Apparent drone attacks in Moscow…
Futures markets for items as…
As the weather turns colder in North America, the refined products market focus turns to distillate products. The fall season typically brings diesel demand, seasonal refinery maintenance, and expectations for how winter heating demand will shape the distillate supply/demand balance. This year, the upcoming implementation of the International Maritime Organization (IMO) 2020 bunker fuel regulations adds another price-impacting factor to the mix, with the IMO set to lower bunker fuel sulfur specifications for ships globally from 3.5 percent sulfur to 0.5 percent sulfur on January 1, 2020.
Generally, the market expects that middle to heavy distillates, from consumer-grade ultra-low sulfur diesel (ULSD) to refinery feedstock low sulfur vacuum gasoil (LVGO), may be utilized as a replacement fuel for 3.5 percent bunker fuel, or used in bunker fuel blends to lower sulfur content. This blog is the first in a new series covering IMO 2020 – the past, present, and future – with an initial look at the state of the U.S. distillate supply/demand balance.
U.S. East Coast Inventories Fall
U.S. East Coast distillate inventories fell to 33.95mn bbls for week ending October 25, according to weekly EIA data, a record low for the fourth week in October. Conversely, EIA U.S. Gulf Coast distillate stocks rose to 43.6mn bbls for the same week, the highest seasonal levels since 2012 for the region. For week ending November 1, this disparity narrowed slightly, with PADD 3 stocks falling 2.8mn bbls from the previous week to 41.8mn bbls and PADD 1 inventories rising by 2.6mn bbls to 36.6mn bbls, led by inventory gains in the U.S. southeast (PADD 1C). However, weekly EIA distillate stocks for PADD 1B continued to fall for week ending November 1 to 16.6mn bbls.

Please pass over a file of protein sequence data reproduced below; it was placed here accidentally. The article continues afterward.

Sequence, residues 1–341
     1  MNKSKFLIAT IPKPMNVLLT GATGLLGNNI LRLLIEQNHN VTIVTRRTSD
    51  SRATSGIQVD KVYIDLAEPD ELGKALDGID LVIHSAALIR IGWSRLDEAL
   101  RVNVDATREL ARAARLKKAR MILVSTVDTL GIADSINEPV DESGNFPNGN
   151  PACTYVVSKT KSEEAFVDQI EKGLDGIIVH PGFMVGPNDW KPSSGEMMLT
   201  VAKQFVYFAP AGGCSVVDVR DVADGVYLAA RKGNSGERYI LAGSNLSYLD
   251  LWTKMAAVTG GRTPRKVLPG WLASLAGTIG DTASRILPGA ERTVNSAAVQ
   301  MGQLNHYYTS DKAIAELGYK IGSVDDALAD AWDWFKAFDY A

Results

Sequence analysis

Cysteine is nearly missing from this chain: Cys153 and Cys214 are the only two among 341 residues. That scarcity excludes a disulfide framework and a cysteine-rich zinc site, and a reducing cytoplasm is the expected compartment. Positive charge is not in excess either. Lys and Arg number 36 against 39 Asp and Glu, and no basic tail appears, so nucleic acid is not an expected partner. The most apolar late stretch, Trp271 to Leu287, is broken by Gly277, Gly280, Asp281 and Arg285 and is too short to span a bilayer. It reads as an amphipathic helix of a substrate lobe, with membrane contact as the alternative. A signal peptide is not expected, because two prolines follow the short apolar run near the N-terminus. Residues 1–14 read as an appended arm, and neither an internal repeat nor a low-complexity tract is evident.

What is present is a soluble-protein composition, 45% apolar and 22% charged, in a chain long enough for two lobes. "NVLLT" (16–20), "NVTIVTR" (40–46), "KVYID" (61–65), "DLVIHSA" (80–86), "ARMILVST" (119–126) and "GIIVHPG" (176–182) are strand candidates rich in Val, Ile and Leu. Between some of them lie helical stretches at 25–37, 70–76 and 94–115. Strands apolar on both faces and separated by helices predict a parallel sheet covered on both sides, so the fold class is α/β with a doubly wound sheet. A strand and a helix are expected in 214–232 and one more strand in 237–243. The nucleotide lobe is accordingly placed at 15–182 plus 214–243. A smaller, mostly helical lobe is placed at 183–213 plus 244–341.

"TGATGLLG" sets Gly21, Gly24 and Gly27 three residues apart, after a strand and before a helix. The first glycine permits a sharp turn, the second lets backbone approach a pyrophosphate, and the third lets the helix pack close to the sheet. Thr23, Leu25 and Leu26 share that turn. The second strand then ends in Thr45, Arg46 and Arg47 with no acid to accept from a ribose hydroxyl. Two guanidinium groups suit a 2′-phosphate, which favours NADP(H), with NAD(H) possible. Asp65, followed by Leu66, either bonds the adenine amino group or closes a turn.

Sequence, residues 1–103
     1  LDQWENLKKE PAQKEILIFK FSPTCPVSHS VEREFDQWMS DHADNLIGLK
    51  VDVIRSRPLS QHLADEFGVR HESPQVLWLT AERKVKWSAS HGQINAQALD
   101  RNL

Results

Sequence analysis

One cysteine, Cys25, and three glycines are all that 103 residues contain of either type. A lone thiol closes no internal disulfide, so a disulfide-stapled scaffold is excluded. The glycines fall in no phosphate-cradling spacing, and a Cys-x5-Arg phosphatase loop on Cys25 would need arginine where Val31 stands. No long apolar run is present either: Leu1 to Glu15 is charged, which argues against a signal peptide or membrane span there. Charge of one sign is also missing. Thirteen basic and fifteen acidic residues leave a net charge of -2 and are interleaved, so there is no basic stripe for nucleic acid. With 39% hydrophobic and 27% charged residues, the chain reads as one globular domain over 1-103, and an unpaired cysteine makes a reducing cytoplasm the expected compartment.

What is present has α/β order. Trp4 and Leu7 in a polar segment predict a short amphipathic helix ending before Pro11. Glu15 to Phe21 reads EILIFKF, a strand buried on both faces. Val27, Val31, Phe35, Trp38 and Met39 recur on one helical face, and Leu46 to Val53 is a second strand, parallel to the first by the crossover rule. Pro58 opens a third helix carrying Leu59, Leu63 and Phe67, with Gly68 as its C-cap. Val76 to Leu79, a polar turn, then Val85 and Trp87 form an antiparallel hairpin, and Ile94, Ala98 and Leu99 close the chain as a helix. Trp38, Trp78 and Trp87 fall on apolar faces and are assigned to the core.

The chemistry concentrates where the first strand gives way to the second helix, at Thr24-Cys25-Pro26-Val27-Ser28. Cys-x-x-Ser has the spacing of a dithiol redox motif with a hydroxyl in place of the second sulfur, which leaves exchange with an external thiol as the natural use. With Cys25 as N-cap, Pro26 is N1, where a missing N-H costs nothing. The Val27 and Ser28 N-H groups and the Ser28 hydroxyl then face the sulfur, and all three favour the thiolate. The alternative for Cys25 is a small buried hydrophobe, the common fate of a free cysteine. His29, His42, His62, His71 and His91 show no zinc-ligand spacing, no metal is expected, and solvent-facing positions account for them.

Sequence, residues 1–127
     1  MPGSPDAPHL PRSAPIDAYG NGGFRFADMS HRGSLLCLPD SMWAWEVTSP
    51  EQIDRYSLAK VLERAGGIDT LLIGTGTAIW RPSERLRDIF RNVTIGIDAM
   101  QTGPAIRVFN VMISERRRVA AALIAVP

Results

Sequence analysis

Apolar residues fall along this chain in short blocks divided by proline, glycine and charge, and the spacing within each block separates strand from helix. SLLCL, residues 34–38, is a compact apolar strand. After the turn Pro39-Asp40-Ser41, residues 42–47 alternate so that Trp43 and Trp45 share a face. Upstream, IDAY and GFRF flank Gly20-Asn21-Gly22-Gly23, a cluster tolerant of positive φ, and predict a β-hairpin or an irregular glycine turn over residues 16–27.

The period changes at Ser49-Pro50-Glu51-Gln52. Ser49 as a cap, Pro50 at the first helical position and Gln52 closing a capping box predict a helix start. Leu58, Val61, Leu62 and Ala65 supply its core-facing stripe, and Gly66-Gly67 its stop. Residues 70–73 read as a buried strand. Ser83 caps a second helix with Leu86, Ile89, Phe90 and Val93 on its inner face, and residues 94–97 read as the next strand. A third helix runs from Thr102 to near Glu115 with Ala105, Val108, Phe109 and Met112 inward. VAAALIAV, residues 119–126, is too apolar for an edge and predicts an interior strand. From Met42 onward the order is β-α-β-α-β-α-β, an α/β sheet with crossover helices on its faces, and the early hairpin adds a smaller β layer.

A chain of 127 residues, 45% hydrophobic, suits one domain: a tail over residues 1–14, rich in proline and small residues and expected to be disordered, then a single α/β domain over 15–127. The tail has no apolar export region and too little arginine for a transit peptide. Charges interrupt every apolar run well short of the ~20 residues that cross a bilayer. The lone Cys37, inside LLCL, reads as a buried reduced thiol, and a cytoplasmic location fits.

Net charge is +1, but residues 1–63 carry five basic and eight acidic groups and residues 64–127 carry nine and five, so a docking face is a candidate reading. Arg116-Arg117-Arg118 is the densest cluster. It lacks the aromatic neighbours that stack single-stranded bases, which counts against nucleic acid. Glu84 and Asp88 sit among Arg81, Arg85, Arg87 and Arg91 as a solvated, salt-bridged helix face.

This disparity between the two regions is unusual and related to several factors – distillate demand growth in PADD 1, reduced export levels out of PADD 3, PADD 1 fall refinery maintenance, and the shutdown of Philadelphia Energy Solutions’ (PES) 335,000 bpd Philadelphia refinery this summer following a fire. Colonial allocated its 1.2mn bpd Line 2 Pipeline starting in October, which carries distillate fuels from the U.S. Gulf Coast to destinations throughout the U.S. East Coast region. This is a typical seasonal occurrence exacerbated by reduced production and demand growth in PADD 1. With Colonial Line 2 full, the flow of distillates via pipeline into PADD 1B – the market hub for the Northeastern U.S. -- is at a maximum level, meaning that additional supplies may need to come via waterborne deliveries to balance the market if demand shocks occur.
Related: The Cure For Low Gas Prices Is Low Gas Prices
Figure 1: PADD 3 vs. PADD 1 distillate inventories. Source: EIA
New York Harbor (NYH) heating oil/diesel inventories also fell to record seasonal lows in October, according to our data, which goes back to November 2013 when we first started monitoring. NYH heating oil and diesel stocks fell to 5.37mn bbls for week ending November 1, dropping below levels observed in 2017, when Hurricane Harvey impacted U.S. Gulf Coast refinery utilization and flows of refined products from PADD 3 to PADD 1. For week ending November 1, NYH heating oil/diesel storage capacity utilization dropped to just 29.2 percent, according to our data.
Figure 2: Genscape New York Harbor heating oil/diesel inventories, 2017 to 2019. Source: Genscape